To understand the extent of the issue, it is worthwhile to mention that 17% of cases pending before the European Court of Human Rights relate to these unresolved conflict areas. I think the percentage will grow further, unless the situation changes positively.
Modifying George Orwell’s truth, it turns out that all the people are equal, but some of them are less equal…
Why are not “less equal” people equal to “more equal” people?
The short answer has 2 parts:
Realizing this reality, in 2018 the Assembly adopted its Resolution 2240 where it reaffirmed the legal obligations on Council of Europe member States to co-operate fully and in good faith with international human rights monitoring mechanisms, including in terms of access to conflict zones.
In addition, Secretary General Jagland in his 2019 report referred again to that challenge and presented his ideas of addressing it. In particular, he proposed that the “Commissioner for Human Rights should have a full, free and unrestricted access to all unresolved conflict zones, at any time, and by use of any possible and secure means of access”. However, there is no progress so far. It is not hard to guess the reasons…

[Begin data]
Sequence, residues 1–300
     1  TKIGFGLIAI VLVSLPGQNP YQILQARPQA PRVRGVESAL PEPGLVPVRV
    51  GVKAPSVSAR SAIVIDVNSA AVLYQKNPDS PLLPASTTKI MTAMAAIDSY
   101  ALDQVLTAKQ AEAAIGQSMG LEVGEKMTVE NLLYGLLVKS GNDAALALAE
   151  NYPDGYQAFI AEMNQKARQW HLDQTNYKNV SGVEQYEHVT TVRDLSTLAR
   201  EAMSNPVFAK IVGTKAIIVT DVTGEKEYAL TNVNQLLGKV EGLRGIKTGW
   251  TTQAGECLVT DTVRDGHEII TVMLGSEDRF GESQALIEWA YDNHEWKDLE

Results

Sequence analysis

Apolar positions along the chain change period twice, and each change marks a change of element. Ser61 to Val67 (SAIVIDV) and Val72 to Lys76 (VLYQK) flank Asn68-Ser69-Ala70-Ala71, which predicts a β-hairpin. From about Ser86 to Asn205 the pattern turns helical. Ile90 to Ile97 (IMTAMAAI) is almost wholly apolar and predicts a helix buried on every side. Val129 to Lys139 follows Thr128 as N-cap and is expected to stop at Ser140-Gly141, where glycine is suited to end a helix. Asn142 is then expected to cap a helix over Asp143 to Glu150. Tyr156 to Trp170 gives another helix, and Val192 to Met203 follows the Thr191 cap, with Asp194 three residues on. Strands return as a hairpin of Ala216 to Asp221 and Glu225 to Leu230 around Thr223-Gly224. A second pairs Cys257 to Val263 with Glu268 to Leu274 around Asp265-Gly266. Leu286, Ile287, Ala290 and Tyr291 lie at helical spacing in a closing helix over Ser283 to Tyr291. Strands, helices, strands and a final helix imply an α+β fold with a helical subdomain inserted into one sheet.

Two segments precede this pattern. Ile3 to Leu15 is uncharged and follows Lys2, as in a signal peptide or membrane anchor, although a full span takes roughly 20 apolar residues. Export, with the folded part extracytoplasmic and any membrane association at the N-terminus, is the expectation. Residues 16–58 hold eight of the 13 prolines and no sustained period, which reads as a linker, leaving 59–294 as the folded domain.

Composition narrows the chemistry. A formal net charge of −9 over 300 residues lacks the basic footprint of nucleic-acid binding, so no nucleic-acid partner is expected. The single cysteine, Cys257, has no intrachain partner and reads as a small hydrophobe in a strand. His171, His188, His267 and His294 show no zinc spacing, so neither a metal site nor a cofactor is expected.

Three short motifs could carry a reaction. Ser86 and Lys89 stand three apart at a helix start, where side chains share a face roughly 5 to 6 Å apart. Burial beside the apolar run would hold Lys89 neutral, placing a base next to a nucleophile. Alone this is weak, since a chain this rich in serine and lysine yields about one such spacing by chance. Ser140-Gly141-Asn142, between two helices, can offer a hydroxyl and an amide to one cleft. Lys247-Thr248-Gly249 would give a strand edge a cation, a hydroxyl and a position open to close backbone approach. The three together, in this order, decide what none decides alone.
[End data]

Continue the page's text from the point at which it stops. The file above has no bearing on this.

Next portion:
Why do some member states oppose greater transparency when it comes to de facto states?
One of their fears is the risk of legitimization of authorities of de facto states. But, for instance, Resolution 2240 clearly states that visits to those territories and contacts with authorities do not constitute and should not be presented as recognition of those authorities’ legitimacy under international law. Such an approach, engagement without recognition, is widely and successfully used by the international community, for example, when interacting with the Palestinian Authorities and somewhat Kosovo. So, this fear is not very substantiated.
But more importantly, their goal is to maintain maximum isolation of the de facto states to prevent international contacts, to hinder their democratic, social and economic development, as well as, to hide massive human rights violations and restrictions exercised by those member states.
What can move the process forward?
In statutory terms, the Council of Europe has the mandate and power to make genuine political and diplomatic pressure on member states to respect their commitments and fully cooperate to ensure full, free and unrestricted access to conflict zones. But, in practical terms, when it comes to action, many member states are reluctant to support enforcement of those obligations.